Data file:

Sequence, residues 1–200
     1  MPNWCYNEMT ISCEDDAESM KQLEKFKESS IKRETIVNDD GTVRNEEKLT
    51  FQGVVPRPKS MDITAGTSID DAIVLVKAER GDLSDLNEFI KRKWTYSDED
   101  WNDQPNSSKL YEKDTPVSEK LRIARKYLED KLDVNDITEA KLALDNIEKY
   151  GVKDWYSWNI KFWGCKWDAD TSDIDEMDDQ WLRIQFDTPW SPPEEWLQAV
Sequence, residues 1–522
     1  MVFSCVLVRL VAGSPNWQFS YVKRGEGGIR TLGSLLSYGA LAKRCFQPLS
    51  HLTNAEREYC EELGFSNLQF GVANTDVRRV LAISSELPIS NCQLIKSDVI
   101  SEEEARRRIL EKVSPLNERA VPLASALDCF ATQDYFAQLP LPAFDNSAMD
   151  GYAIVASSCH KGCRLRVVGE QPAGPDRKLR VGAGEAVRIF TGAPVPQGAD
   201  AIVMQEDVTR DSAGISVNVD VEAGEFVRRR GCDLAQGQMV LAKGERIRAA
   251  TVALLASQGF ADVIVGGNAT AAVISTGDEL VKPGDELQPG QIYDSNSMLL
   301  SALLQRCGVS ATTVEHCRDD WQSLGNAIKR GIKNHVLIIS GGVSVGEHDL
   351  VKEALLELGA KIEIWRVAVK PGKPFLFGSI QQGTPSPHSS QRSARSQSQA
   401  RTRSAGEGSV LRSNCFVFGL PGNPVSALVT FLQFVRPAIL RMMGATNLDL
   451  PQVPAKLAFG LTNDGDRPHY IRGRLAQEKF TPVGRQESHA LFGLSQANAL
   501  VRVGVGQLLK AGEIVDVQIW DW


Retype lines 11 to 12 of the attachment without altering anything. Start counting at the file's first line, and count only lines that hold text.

   201  AIVMQEDVTR DSAGISVNVD VEAGEFVRRR GCDLAQGQMV LAKGERIRAA
   251  TVALLASQGF ADVIVGGNAT AAVISTGDEL VKPGDELQPG QIYDSNSMLL